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Little slice of Americana: Original 'Model A' Ford preserves Clinton County history

Originally bought as a rural mail-car, the old vehicle has spent nearly a century in DeWitt, IA until this fall, when a new owner was captivated by its history.

PREEMPTION, Ill. — Tucked away in rural, western IL, lies a little slice of Americana.

Inside a big red shed, on the outskirts of Preemption, is an old Model A Ford. The nearly-century-old car spent every one of those years in Clinton County, IA. Until now. 

In the fall of 2021, Richard Cregar bought the car and moved it to his home just across state lines. A car lover and history buff, he said he couldn't pass up the opportunity to bring the old vehicle home. 

The car still runs, although it's currently waiting on a part to be replaced before it hits the roads again, and can get up to 45 mph on the highway. Most of the parts inside, including the seats, gauges, engine, headliner and more, are original. 

In fact, the car is in such pristine condition that Cregar said he almost couldn't believe it. 

"It's a very exceptional find," he said. "It's survived all these years without being modified in any way, really, at all!" 

Of course, there are a few additions made over the years, including a turn signal switch, but the lack of wear and tear has Cregar excited to start loaning the car out to museums. 

But it's not only the car's condition that convinced Cregar to buy it. The other half, is history. 

The car's original owner was Harold George, a mail carrier in Clinton County. In 1929, he bought the Model A straight off the showroom floor, to make his route a little easier. Before buying the car, George brought the mail to 192 stops entirely on horseback. 

Eventually, he passed the car down to his family and his daughter, Margaret Arey. 

"We called it the mud car, for the bad roads," laughed Arey. "It was good in the mid, in the snow, got you any place. And back in those days, we didn't have the nice gravel and blacktop roads."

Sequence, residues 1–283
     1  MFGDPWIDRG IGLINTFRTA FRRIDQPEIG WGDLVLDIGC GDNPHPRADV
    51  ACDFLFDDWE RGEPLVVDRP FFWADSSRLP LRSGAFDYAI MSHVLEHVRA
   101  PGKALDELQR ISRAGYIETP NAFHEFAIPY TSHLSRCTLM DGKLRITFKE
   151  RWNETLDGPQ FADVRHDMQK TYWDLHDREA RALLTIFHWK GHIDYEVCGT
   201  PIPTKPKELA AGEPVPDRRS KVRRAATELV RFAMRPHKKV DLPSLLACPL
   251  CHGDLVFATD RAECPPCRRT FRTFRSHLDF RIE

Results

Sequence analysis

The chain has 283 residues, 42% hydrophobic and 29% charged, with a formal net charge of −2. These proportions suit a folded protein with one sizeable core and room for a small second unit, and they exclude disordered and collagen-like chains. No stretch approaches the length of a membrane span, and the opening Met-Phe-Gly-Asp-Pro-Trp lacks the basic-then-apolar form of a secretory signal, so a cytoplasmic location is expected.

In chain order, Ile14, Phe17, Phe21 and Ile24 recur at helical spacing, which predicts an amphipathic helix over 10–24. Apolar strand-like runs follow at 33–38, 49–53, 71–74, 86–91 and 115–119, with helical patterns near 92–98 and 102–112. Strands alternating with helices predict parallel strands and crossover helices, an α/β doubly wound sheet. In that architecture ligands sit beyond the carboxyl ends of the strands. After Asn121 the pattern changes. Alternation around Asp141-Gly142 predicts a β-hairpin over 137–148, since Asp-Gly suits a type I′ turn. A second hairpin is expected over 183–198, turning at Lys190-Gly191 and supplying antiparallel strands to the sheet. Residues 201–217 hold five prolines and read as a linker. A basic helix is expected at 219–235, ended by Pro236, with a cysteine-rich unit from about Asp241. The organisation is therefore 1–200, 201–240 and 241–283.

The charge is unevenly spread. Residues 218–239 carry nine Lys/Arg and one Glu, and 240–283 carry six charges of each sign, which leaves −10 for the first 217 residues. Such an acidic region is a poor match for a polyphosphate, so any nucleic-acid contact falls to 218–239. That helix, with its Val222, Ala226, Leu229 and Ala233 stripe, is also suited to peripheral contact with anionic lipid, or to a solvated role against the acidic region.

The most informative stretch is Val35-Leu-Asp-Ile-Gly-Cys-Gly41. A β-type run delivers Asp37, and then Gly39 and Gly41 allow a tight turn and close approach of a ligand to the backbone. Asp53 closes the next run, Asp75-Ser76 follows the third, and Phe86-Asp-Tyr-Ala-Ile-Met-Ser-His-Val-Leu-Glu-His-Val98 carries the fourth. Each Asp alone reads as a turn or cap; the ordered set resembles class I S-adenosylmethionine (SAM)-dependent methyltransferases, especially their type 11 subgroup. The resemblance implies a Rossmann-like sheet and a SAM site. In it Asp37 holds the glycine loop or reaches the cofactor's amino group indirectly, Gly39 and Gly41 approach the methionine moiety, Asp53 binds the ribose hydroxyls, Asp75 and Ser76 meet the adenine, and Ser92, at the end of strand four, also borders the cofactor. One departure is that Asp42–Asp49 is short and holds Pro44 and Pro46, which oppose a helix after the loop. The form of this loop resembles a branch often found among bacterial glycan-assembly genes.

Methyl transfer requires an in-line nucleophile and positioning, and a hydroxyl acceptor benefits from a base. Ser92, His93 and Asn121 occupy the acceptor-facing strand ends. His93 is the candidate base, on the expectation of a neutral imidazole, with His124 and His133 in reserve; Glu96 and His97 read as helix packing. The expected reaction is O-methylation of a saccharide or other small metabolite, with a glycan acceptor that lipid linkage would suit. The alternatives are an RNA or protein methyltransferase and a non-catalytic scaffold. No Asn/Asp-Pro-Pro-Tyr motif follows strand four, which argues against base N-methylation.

Arey turned 90 this December, but still remembers learning how to drive in that old Ford car. 

"It was like, 'push in the clutch! Push in the clutch!' And then we'd go, 'which one's the clutch?!' So it was a fun time," she laughed. Arey said she didn't know all the families on her father's mail route, but she knew all the mailboxes. 

When we visited Arey at her home in DeWitt, Cregar stopped by with a photo album filled with old pictures of the car and her father. As the two sat and looked through all the old memories they found pictures of the post office workers, the car riding through many, many local parades, and even George perched on his horse. 

"The history of this car is incredible," Cregar said. "We've already lost too much of our history. We need to save every bit of it that we can." 

It's why both parties decided to move forward with the car's sale. Arey didn't want the vehicle stuck in a garage and Cregar said he couldn't pass up such a pristine opportunity. 

He now has big plans to replace one part and get the old Ford up and running again. Then, after he says he'll take Arey out for a ride, he wants to start loaning the car to museums, to continue sharing its history, and the history of DeWitt and Clinton County.

When we asked what they thought of all the places the car had been, all the development and change it had bore witness to, Cregar said the circumstances were all remarkable, calling it 'providence.' 

But to Arey, the car isn't a historic relic. 

"It was the old Ford," she said, slightly smiling. "It was my dad's. That's all I think about it."